Writing Op-Eds Vs. Being A Journalist’s Source

When it comes to the print media, there’s more than one way to get your message out and to position yourself as an authority. Some of our clients want to be the go-to expert for journalists who are in need of well-credentialed sources for their articles. Others long to write opinion articles – or op-ed pieces, as they are commonly referred to – where they can more fully express their views on trends, breaking news or life in general. Many want to do both! So is one better than the other? Well, each has its advantages, so let’s take a look at that. With an op-ed piece, you have the opportunity to give your complete point of view, as opposed to a reporter picking and choosing a few highlights from an interview with you. It’s definitely an option when it comes to positioning yourself as a thought leader in whatever field of endeavor you want to be viewed as an expert. On the other hand, when you’re quoted in a news or feature article – especially with a highly respected publication – the readers recognize that the journalist trusted your expertise enough to turn to you as a source. You’re offering insight and maybe even giving your opinion, yes, but in this case you are getting the added bonus of an implied endorsement from that journalist, who essentially is saying to his or her readers that you’re someone who brings experience and knowledge to the topic under discussion. Some people prefer the op-ed, perhaps because they assume there’s a certain distinction that comes with these bylined pieces. Plus, they...
Writing Your Own Articles? Be Aware Of The Shifting Media Landscape

Writing Your Own Articles? Be Aware Of The Shifting Media Landscape

My team writes plenty of articles for clients every week, but for years I also have encouraged clients to write their own bylined pieces for print publications – both traditional and online – as one more way to get their name and message out to the masses. It’s a great addition to any publicity campaign. So I was slightly disconcerted to learn that one reliable place for such articles to land no longer plans to accept them. The Huffington Post dissolved its self-publishing contributors’ platform, which means budding writers and others with a message to share have one less venue for reaching their potential audiences. The HuffPost had been publishing such contributions since Arianna Huffington established the online site nearly 13 years ago, so this marks a sea change in the way the publication does business. At first glance, the move might seem surprising – even perplexing. But perhaps it shouldn’t. Just recently I was participating at an event where Dan Kennedy, author of such books as No B.S. Guide to Brand Building by Direct Response, spoke about how crowded the digital marketplace has become. There’s so much “noise” that sometimes it’s difficult to be heard above all the clatter. I think that’s what happened with HuffPost. They are just one part of that noise, and as more people became “HuffPost contributors” (the New York Times reported the number as 100,000) the title lost some of its luster. Now, by ending that forum for unpaid contributors, HuffPost may be trying to declutter its personal corner of that “noisy” digital marketplace. It’s a bummer, I know! But don’t despair! If...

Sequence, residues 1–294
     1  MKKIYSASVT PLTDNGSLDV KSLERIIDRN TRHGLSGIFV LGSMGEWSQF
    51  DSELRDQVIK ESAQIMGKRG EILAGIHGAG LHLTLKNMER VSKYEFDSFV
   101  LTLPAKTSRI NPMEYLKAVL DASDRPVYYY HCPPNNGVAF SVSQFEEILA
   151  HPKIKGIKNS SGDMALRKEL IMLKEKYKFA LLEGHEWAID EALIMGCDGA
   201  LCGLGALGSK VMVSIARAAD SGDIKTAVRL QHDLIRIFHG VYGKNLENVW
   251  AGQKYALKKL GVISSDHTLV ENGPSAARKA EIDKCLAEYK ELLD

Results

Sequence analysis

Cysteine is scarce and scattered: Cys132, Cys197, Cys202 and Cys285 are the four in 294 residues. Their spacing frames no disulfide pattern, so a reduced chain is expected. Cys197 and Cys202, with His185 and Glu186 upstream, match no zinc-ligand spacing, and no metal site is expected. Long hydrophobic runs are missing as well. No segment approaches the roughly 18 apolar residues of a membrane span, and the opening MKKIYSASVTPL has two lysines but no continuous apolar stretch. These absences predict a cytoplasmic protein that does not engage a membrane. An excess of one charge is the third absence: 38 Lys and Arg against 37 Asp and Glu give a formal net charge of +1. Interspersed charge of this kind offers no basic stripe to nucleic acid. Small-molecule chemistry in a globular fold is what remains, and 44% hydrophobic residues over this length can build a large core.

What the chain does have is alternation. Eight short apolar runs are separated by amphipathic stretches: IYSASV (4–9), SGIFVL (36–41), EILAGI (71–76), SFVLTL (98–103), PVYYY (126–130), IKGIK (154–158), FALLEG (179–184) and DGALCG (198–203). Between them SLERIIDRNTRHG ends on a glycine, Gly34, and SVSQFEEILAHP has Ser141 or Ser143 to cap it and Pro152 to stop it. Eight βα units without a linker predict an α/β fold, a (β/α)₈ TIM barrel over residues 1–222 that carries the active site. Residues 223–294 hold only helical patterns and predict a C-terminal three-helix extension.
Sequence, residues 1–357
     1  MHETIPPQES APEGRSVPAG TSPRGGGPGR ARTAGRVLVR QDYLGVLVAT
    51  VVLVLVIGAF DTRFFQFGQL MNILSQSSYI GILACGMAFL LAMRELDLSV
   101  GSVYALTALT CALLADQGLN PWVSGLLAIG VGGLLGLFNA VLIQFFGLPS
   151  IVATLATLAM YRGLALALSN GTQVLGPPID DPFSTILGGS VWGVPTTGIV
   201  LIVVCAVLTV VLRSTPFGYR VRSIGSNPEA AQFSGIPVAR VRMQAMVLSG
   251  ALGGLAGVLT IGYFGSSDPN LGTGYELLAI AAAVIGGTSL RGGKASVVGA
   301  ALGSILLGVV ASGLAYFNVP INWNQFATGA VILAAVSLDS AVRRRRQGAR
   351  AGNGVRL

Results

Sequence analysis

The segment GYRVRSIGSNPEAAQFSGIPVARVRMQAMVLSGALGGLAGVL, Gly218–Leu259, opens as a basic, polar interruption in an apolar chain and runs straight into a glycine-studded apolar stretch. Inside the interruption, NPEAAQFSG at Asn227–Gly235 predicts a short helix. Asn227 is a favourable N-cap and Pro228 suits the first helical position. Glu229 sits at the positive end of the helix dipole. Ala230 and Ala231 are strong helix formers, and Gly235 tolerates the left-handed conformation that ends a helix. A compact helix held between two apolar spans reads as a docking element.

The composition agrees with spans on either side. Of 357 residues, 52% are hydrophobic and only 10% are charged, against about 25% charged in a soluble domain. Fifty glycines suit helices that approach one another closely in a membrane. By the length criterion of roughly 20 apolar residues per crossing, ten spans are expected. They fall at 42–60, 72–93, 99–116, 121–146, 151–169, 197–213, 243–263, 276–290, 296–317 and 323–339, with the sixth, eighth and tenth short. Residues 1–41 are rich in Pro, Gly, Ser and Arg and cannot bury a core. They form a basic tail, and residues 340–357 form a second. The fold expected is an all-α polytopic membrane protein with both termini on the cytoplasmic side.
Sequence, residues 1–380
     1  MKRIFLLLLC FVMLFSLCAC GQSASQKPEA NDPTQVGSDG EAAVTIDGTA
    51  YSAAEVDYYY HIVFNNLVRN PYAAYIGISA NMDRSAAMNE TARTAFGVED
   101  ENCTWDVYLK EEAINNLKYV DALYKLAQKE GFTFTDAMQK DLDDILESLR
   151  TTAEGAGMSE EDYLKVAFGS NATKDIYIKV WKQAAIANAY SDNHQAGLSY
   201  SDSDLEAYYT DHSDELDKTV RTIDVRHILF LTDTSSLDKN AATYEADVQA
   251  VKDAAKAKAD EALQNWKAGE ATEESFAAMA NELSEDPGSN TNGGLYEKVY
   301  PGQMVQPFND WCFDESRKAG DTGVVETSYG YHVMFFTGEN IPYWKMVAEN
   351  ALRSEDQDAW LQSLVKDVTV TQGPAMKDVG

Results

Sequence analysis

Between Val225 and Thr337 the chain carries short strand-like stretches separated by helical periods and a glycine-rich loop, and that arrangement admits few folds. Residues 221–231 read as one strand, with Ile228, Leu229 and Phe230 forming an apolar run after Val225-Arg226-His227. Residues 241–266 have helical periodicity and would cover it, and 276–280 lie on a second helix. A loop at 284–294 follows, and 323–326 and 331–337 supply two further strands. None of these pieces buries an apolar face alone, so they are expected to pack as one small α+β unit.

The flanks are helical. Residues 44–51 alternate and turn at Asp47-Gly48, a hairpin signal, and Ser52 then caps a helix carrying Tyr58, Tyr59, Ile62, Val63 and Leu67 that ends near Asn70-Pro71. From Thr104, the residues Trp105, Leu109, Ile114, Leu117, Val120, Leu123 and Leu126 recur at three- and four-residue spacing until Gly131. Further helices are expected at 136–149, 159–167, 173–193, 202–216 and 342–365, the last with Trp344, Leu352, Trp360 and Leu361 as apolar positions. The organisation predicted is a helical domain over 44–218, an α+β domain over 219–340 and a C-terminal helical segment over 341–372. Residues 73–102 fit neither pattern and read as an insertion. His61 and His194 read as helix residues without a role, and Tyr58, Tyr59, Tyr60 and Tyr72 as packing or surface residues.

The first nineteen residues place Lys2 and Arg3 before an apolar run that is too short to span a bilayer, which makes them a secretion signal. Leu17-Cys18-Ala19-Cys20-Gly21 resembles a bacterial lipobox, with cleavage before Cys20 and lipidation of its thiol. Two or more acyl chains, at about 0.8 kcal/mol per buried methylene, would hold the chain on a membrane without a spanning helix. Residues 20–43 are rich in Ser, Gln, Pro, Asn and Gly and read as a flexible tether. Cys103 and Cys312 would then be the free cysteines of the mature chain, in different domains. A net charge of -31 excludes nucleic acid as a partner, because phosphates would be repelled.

How To Give Journalists What They Need – And Avoid Irritating Them